Al Porcino

Al Porcino - © Tom Specht

born on 14/5/1925 in New York City, NY, United States

died on 2/1/2014 in München, Bayern, Germany

Links www.alporcino.com (English)

Al Porcino

From Wikipedia, the free encyclopedia.

Al Porcino (May 14, 1925 – December 31, 2013) was an American lead trumpeter.[1]

Porcino began playing professionally in 1943, and played in many of the big bands of the 1940s and 1950s, including those of Georgie Auld, Louis Prima, Jerry Wald, Tommy Dorsey, Gene Krupa, and Chubby Jackson. He played with Woody Herman in 1946, 1949-1950, 1954, 1959 and 1972. He also did two stints with Stan Kenton, in 1947-48 and 1954-55. In the 1950s, he played with Pete Rugolo, Count Basie, Elliot Lawrence, and Charlie Barnet.

In 1957 he moved to Los Angeles and played in studios. While there he played in the Terry Gibbs Dream band from 1959 to 1962. In the 1960s, he often played in orchestras backing vocalists, and also played with Buddy Rich in 1968, Thad Jones and Mel Lewis in 1968-70, again in '76 and Herman again, in 1972. In the 1970s, he formed his own big band, who recorded behind Mel Torme in addition to their own work.

In the 1977 Porcino moved to Germany, leading big bands there until his death in 2013. His ensemble played on one of Al Cohn's final recordings in 1987.

He died in Munich on December 31, 2013. [2][1][3]

Discography

With Mose Allison

  • Your Mind Is on Vacation (Atlantic, 1976)

With Louis Bellson

  • Big Band Jazz from the Summit (Roulette, 1962)

With Gil Fuller

  • Night Flight (Pacific Jazz, 1965)

With Dizzy Gillespie

  • One Night in Washington (Elektra/Musician, 1955 [1983])
  • The New Continent (Limelight, 1962)

With Stan Kenton

  • Stan Kenton's Milestones (Capitol, 1943-47 [1950])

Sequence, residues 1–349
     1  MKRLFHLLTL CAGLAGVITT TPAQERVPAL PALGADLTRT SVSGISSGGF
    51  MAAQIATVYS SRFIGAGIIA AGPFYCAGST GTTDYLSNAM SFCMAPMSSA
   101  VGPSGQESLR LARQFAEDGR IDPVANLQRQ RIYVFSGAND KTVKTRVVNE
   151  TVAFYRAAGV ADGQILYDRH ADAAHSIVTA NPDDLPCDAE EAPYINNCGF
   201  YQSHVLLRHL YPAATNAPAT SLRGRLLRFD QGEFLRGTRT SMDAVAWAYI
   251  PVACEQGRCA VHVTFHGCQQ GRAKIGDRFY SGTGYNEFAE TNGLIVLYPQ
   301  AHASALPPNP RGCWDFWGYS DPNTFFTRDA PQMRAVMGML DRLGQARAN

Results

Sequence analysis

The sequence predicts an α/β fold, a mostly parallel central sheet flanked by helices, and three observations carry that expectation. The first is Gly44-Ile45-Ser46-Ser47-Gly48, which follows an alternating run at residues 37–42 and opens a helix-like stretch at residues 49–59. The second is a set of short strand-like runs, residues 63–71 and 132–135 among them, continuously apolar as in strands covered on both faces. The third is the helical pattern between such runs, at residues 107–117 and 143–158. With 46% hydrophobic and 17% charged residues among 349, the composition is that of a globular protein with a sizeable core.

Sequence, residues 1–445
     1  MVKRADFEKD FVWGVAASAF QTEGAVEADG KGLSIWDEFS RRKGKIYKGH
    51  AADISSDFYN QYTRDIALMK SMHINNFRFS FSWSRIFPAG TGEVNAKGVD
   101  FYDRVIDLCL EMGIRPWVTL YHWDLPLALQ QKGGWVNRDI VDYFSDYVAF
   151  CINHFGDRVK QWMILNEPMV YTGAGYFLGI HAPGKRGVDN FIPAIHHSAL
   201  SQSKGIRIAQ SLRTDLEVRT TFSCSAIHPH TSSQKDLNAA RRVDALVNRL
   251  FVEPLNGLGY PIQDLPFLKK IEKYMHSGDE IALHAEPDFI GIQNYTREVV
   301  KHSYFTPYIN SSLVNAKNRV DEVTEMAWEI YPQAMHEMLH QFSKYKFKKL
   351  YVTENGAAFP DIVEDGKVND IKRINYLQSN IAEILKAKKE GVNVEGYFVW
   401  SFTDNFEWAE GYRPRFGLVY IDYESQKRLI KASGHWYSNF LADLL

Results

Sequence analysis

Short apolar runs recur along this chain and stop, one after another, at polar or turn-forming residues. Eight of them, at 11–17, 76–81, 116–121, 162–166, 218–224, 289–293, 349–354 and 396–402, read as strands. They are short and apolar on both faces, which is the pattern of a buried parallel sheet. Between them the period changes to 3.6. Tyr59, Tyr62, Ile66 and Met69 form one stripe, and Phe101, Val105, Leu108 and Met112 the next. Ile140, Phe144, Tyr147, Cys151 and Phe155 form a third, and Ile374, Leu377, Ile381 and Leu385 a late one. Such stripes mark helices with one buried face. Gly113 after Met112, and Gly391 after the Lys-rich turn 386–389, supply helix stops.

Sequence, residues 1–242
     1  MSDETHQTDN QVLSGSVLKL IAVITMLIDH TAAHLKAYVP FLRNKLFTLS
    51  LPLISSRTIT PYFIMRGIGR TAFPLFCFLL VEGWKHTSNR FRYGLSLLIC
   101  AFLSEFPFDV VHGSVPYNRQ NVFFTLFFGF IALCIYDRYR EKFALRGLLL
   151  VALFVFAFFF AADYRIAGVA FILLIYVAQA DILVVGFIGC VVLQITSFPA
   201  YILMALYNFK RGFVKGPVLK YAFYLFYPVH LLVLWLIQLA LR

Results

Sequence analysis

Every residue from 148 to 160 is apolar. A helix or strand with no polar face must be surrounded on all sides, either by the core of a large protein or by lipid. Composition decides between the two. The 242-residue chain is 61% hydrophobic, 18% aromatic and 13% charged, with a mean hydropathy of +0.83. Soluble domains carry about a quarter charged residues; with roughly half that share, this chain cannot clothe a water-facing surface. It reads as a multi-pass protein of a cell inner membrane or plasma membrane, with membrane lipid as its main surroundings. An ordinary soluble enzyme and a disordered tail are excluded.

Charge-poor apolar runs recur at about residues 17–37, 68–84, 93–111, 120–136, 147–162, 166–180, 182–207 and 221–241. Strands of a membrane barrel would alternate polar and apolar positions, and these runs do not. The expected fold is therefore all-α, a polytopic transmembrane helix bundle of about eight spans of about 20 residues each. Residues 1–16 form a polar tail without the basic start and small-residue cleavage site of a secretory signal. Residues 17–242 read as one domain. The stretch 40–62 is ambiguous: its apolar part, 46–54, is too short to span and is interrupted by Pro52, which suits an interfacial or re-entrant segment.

• Stan Kenton Classics (Capitol, 1944-47 [1952])
  • Encores (Capitol, 1947)
  • A Presentation of Progressive Jazz (Capitol, 1947)
  • Popular Favorites by Stan Kenton (Capitol, 1953)
  • The Kenton Era (Capitol, 1940-54, [1955])
  • Contemporary Concepts (Capitol, 1955)
  • Two Much! (Capitol, 1960) with Ann Richards

With Junior Mance

  • Get Ready, Set, Jump!!! (Capitol, 1964)
  • Straight Ahead! (Capitol, 1964)

With Johnny Mandel

  • I Want to Live (United Artists, 1958)

With Shelly Manne

  • My Fair Lady with the Un-original Cast (Capitol, 1964)
  • Manne–That's Gershwin! (Capitol, 1965)

With Charlie Parker

  • Big Band (Clef, 1954)

with Shorty Rogers

  • Shorty Rogers Plays Richard Rodgers (RCA Victor, 1957)
  • Portrait of Shorty (RCA Victor, 1957)
  • Afro-Cuban Influence (RCA Victor, 1958)
  • Chances Are It Swings (RCA Victor, 1958)
  • The Wizard of Oz and Other Harold Arlen Songs (RCA Victor, 1959)
  • Shorty Rogers Meets Tarzan (MGM, 1960)
  • An Invisible Orchard (RCA Victor, 1961 [1997])
  • Jazz Waltz (Reprise, 1962)

With Pete Rugolo

  • Rugolo Plays Kenton (EmArcy, 1958)

With Lalo Schifrin

  • Jazz Suite on the Mass Texts (RCA Victor, 1965) with Paul Horn
  • The Cincinnati Kid (soundtrack) (MGM, 1965)
  • Music from Mission: Impossible (Dot, 1967)

With Mel Tormé

  • Mel Tormé live at the Maisonette (Atlantic, 1975)

With Gerald Wilson

  • You Better Believe It! (Pacific Jazz, 1961)
  • Moment of Truth (Pacific Jazz, 1962)
  • Portraits (Pacific Jazz, 1964)
  • On Stage (Pacific Jazz, 1965)
  • Feelin' Kinda Blues (Pacific Jazz, 1965)
  • The Golden Sword (Pacific Jazz, 1966)
  • Live and Swinging (Pacific Jazz, 1967)

References

  1. ^ a b Tamarkin, Jeff (3 January 2014). "Trumpeter Al Porcino Dies at 88". JazzTimes. Retrieved 5 January 2014. 
  2. ^ https://www.nytimes.com/2014/01/09/arts/music/al-porcino-king-of-the-high-notes-on-jazz-trumpet-dies-at-88.html?_r=0
  3. ^ Hochkeppel, Oliver. "Jazz-Trompeter Al Porcino ist tot.". Süddeutsche Zeitung (in German). Archived from the original on 3 January 2014. Retrieved 3 January 2014. 

External links

  • Al Porcino Web site - includes career highlights, discography, videos, photos, concerts. Site updated June 2011.
This page was last modified 29.06.2017 10:51:28

This article uses material from the article Al Porcino from the free encyclopedia Wikipedia and it is licensed under the GNU Free Documentation License.